The other day either me or the computer caused the financial website to ask me a personal question. You know one of those three questions you selected (along with a picture, motto and password that contains at least 8 characters, one special character and one large capitalization) that uniquely identifies you.
Who comes up with these questions? Favorite Candy, boardgame, author, ethnic cuisine, comic book, dessert, vacation destination, college proffesor. rock band or make/model of first car, your senior prom date, name of eldest cousin (father's side), first job boss's first name, street where you lived at age 10, name of first pet, city your oldest sibling got married ......
and the one I was asked (after selecting) - name of your first grade teacher. Confidentiality now prevents me from revealing that person's name. At Caldwell Elementary school in Wichita Kansas, with some research someone could figure this out - but it would take some time. If it is answered wrong or too much time elapsed then another personal question will pop up. Then with "three strikes and you're out" the system will lock you out.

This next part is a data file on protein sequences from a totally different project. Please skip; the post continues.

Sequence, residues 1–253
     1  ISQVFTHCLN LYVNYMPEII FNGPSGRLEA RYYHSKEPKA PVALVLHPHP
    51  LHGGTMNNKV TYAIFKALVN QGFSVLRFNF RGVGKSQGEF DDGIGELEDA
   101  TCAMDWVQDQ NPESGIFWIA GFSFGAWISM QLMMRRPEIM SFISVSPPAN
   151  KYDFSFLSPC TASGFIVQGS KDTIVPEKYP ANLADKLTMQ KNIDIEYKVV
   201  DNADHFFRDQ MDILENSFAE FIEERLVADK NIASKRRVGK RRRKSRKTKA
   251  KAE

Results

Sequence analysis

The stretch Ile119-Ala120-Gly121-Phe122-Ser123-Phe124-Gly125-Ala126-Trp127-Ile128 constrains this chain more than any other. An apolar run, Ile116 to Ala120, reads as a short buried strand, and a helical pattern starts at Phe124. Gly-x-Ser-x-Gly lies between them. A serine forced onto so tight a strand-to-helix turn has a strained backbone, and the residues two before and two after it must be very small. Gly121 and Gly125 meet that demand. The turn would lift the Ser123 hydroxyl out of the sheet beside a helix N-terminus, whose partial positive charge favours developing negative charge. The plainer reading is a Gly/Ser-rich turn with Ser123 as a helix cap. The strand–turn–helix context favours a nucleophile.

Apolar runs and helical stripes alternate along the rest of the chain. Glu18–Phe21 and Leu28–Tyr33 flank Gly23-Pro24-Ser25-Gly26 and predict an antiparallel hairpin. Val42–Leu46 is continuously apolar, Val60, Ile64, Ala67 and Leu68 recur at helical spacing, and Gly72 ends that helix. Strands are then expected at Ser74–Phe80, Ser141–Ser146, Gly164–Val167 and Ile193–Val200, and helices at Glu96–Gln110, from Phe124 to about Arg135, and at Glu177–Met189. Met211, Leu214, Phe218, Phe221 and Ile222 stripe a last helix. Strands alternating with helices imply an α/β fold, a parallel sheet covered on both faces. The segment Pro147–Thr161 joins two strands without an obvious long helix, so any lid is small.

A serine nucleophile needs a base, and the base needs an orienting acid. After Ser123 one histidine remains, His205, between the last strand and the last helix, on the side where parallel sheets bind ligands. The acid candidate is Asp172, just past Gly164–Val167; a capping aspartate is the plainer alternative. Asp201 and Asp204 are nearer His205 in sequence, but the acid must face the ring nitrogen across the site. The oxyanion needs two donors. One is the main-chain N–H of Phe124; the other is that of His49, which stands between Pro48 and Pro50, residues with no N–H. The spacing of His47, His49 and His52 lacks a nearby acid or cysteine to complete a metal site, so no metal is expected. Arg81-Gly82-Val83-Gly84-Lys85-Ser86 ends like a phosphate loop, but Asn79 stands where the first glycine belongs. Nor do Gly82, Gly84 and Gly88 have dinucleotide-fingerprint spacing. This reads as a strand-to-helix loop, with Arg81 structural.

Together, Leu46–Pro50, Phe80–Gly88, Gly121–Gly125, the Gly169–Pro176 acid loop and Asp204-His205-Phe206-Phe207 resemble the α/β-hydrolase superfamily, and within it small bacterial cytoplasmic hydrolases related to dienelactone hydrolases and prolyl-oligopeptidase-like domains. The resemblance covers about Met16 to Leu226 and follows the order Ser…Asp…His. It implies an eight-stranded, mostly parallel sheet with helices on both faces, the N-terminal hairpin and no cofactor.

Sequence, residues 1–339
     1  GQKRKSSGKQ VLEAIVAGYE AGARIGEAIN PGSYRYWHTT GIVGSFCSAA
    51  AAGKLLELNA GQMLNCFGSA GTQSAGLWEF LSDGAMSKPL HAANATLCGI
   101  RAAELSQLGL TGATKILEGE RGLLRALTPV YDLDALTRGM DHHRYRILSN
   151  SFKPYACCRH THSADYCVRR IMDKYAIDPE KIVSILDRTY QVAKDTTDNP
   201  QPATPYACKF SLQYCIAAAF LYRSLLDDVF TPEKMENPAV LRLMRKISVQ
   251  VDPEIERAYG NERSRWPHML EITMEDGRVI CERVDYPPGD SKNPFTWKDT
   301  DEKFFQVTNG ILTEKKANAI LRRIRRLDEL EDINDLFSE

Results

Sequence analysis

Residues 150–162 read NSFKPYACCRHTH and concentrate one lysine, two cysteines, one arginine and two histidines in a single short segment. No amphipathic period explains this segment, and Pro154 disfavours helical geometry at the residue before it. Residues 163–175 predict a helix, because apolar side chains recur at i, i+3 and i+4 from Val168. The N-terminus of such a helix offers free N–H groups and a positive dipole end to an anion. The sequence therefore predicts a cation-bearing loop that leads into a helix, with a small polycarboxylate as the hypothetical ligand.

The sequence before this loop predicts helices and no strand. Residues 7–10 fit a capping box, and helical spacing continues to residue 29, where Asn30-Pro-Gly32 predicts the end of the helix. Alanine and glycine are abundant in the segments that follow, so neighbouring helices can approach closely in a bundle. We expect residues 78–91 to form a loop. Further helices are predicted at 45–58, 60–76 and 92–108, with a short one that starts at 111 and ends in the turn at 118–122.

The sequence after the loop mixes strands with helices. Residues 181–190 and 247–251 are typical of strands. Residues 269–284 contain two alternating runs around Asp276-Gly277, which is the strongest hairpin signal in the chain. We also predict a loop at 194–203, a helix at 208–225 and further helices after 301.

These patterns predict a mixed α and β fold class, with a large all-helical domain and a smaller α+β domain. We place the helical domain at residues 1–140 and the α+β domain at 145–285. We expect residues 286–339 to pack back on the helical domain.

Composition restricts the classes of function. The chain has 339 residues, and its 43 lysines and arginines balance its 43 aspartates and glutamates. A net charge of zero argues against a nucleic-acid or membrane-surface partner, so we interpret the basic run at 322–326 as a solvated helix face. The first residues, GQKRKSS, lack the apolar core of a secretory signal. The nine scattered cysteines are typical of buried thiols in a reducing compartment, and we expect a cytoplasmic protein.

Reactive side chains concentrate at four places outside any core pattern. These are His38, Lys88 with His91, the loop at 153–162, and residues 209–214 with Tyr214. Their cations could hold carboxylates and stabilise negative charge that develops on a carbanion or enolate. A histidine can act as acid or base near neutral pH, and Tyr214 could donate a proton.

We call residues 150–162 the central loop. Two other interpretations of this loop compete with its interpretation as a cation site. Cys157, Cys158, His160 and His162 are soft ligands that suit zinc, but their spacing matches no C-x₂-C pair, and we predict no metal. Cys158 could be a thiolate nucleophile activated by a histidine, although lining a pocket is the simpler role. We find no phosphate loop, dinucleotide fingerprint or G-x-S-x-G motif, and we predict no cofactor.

I'm sure these questions are designed to limit the misuse of people giving their passwords to others for financial data. But in some cases it tests your memory when queried.
Here's the real problem. Let's say you have five or six web sites that require this hyper security level of access. That means 18 unique questions that they believe you have permanently in your memory banks. The problem is on any given day I might change what my favorite color, candy or dessert etc. might be.
So just remember it is really you if you answer 18 questions correctly.